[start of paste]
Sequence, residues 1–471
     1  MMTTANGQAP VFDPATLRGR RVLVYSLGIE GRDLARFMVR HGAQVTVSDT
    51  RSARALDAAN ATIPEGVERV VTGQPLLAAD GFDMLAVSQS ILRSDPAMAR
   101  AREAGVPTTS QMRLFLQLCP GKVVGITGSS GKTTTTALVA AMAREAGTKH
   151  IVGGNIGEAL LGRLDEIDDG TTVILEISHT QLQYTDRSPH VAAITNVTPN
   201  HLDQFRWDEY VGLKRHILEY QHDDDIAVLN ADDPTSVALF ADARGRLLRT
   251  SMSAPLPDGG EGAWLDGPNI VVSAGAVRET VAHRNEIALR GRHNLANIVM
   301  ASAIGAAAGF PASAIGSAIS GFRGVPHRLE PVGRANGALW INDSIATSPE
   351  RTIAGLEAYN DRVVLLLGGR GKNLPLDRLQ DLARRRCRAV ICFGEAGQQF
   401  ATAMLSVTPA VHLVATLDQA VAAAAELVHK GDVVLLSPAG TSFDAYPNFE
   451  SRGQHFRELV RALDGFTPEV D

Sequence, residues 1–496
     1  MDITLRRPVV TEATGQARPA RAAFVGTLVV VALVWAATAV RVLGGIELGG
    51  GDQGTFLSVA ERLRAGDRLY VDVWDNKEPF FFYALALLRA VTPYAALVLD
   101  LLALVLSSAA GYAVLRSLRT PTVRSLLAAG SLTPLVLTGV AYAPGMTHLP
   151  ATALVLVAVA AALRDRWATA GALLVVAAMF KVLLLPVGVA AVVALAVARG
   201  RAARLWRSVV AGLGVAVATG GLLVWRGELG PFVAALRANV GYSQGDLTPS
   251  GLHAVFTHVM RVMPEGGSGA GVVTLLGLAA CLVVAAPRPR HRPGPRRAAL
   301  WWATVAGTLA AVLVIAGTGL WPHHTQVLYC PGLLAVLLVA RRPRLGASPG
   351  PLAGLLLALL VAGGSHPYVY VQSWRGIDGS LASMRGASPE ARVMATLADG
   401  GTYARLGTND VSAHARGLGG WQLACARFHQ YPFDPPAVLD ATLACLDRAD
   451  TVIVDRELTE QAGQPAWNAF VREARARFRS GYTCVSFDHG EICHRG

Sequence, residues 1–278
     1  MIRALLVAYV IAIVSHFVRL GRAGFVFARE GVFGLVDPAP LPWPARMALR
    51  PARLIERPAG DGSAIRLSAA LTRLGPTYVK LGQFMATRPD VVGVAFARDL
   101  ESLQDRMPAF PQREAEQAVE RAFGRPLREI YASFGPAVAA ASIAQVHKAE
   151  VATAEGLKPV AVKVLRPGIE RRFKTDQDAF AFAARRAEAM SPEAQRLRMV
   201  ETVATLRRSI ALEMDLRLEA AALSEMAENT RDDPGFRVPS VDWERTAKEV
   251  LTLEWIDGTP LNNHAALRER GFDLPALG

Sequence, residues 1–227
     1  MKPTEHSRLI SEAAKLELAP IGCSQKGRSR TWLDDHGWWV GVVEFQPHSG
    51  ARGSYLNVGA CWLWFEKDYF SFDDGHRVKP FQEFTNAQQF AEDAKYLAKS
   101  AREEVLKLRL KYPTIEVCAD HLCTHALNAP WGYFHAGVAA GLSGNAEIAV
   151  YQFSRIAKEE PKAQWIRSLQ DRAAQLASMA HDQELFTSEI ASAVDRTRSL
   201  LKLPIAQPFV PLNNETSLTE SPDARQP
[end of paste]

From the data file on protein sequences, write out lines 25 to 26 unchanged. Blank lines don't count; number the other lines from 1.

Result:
    51  PARLIERPAG DGSAIRLSAA LTRLGPTYVK LGQFMATRPD VVGVAFARDL
   101  ESLQDRMPAF PQREAEQAVE RAFGRPLREI YASFGPAVAA ASIAQVHKAE